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- 1. Java Operators
- 2. Java provides a rich set of operators to manipulatevariables. We can divide all the Java operators into thefollowing groups:• Assignment Operator•Arithmetic Operators•Unary Operators• Equality and Relational Operators•Conditional (Logical) Operators•Bitwise and Bit Shift Operators
- 3. (1) Assignment Operator Simple Assignment Operator Syntax of using the assignment operator is: <variable> = <expression>; Compound Assignment Operator Syntax of using the compound assignment operator is: operand operation= operand
- 4. Compound assignment operators :Operator Example Equivalent Expression+= x += y; x = (x + y);-= x -= y; x = (x - y);*= x *= y; x = (x * y);/= x /= y; x = (x / y);%= x %= y; x = (x % y);&= x &= y; x = (x & y);|= x != y; x = (x ! y);^= x ^= y; x = (x ^ y);<<= x <<= y; x = (x << y);>>= x >>= y; x = (x >> y);>>>= x >>>= y; x = (x >>> y);
- 5. (2) Arithmetic Operators The symbols of arithmetic operators are given in a table:Symbol Name of the Operator Example+ Additive Operator n = n + 1;- Subtraction Operator n = n - 1;* Multiplication Operator n = n * 1;/ Division Operator n = n / 1;% Remainder Operator n = n % 1; The "+" operator can also be used to concatenate (to join) the two stringstogether. For example:String str1 = "Concatenation of the first";String str2 = "and second String";String result = str1 + str2;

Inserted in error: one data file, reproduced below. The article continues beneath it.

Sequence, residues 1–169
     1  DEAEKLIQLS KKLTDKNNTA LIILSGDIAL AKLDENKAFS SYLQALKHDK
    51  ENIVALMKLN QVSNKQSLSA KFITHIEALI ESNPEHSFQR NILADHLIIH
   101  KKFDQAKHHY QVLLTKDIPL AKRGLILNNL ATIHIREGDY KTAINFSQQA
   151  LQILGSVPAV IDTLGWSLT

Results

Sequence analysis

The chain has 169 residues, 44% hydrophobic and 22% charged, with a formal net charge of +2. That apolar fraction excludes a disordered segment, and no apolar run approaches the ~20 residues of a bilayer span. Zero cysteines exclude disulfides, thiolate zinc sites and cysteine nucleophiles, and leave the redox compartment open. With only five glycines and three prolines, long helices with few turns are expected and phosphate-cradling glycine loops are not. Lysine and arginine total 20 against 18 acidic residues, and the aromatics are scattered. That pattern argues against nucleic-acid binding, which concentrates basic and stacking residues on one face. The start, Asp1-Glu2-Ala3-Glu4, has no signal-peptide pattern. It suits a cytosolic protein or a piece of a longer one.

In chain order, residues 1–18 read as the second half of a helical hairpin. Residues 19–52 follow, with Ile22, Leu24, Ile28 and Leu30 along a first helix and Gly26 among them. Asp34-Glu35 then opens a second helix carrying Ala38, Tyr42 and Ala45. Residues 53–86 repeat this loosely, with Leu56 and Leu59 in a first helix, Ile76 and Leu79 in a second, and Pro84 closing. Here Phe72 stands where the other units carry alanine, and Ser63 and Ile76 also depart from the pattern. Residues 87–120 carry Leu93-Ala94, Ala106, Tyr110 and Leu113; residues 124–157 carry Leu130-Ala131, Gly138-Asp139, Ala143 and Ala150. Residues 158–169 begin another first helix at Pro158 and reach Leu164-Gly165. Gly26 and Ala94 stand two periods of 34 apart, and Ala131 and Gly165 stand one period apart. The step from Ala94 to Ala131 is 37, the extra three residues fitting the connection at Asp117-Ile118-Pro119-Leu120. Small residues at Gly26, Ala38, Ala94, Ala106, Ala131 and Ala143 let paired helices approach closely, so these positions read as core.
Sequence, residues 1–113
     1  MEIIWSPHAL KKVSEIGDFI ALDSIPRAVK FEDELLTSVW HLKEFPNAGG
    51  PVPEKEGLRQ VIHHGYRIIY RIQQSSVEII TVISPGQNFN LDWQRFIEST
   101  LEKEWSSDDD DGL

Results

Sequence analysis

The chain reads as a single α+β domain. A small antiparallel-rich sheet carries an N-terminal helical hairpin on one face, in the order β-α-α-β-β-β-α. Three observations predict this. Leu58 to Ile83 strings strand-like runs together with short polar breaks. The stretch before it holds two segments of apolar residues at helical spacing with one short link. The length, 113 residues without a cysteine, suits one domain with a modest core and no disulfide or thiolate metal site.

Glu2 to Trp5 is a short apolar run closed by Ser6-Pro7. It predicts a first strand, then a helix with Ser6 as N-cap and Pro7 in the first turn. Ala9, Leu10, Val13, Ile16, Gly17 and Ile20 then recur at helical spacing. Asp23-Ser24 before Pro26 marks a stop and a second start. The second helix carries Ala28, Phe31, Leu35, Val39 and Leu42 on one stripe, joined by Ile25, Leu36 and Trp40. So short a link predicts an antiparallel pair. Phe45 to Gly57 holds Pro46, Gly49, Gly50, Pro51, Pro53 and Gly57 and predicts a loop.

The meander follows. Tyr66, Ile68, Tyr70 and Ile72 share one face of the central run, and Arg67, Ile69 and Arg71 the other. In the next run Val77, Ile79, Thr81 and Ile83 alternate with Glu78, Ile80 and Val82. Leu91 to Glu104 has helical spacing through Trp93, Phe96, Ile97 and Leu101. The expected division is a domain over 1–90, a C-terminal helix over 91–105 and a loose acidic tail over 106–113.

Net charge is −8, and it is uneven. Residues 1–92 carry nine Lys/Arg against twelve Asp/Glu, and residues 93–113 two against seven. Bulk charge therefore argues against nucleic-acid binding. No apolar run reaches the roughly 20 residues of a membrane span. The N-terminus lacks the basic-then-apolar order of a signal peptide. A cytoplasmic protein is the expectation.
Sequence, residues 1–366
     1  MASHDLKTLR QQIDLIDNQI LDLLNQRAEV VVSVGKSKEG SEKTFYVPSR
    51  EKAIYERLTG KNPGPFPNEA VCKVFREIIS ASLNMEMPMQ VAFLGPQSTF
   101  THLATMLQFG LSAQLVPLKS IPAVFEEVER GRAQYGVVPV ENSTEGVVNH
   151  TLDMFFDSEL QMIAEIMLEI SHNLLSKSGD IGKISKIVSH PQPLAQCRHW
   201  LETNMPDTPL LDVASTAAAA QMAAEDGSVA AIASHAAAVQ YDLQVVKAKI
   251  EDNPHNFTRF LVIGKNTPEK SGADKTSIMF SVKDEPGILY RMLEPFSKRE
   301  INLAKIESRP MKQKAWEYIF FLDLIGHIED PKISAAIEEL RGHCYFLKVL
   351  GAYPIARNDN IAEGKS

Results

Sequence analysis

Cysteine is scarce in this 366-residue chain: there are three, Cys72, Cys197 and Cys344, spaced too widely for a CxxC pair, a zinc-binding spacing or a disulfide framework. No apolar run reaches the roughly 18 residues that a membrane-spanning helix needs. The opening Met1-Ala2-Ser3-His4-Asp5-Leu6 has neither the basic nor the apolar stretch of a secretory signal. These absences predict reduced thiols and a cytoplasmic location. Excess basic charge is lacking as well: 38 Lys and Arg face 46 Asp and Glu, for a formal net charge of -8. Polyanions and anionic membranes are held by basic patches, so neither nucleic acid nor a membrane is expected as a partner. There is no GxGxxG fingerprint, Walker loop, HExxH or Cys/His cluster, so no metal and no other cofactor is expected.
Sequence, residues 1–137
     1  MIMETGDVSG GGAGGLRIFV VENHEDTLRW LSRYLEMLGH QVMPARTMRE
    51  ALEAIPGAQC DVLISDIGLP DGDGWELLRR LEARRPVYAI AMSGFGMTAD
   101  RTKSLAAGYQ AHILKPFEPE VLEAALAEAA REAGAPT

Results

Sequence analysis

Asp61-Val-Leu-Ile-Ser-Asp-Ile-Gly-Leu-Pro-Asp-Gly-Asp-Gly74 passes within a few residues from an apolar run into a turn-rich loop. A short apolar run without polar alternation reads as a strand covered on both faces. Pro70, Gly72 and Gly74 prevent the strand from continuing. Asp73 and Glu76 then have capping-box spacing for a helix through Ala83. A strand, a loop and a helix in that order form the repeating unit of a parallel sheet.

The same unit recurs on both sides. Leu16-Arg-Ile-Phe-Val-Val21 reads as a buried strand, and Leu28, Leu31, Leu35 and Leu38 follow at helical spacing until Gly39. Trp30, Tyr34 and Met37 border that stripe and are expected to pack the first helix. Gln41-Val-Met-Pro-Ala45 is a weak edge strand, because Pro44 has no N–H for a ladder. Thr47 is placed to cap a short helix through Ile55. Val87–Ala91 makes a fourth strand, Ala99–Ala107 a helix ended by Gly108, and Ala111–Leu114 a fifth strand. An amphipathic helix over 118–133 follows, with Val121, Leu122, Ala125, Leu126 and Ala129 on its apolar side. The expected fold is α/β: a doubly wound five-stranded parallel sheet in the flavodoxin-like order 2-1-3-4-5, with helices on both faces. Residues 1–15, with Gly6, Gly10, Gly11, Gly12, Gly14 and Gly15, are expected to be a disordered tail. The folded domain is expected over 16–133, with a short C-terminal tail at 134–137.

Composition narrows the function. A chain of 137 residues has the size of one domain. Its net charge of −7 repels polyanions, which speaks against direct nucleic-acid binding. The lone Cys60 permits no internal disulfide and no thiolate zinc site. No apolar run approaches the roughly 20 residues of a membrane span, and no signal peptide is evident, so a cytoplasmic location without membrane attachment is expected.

- 6. (3) Unary OperatorsThere are different types of unary operators : + Unary plus operator indicates positive value (however, numbersare positive without this)Ex : int number = +1; - Unary minus operator negates an expressionEx : number = - number; ++ Increment operator increments a value by 1Ex : number = ++ number; -- Decrement operator decrements a value by 1Ex : number = -- number; ! Logical compliment operator inverts a boolean value
- 7. (4) Equality and Relational OperatorsSymbol Name of the Operator Example== Equal to a==b!= Not equal to a!=b> Greater than a>b< Less than a<b>= Greater than or equal to a>=b<= Less than or equal to a>=b
- 8. (5) Conditional (Logical) OperatorsSymbol Name of the Operator& AND&& Conditional-AND| OR|| Conditional-OR! NOT?: Ternary (shorthand for if-then-else statement)
- 9. ternary ("?:") operatorJava supports another conditional operator that is known as the ternary operator"?:" and basically is used for an if-then-else as shorthand asboolean expression ? operand1 : operand2; If we analyze this diagram then we find that, operand1 is returned, if the expression is true; otherwise operand2 is returned in case of false expression.
- 10. Lets have an example implementing some Logical operators:class ConditionalOperator{ public static void main(String[] args){ int x = 5; int y = 10, result=0; boolean bl = true; if((x == 5) && (x < y)) System.out.println("value of x is "+x); if((x == y) || (y > 1)) System.out.println("value of y is greater than the value of x"); result = bl ? x : y; System.out.println("The returned value is "+result); }}
- 11. Outputvalue of x is 5 is 5value of y is greater than the value of x lue of y is greater than the value of xThe returned value is 5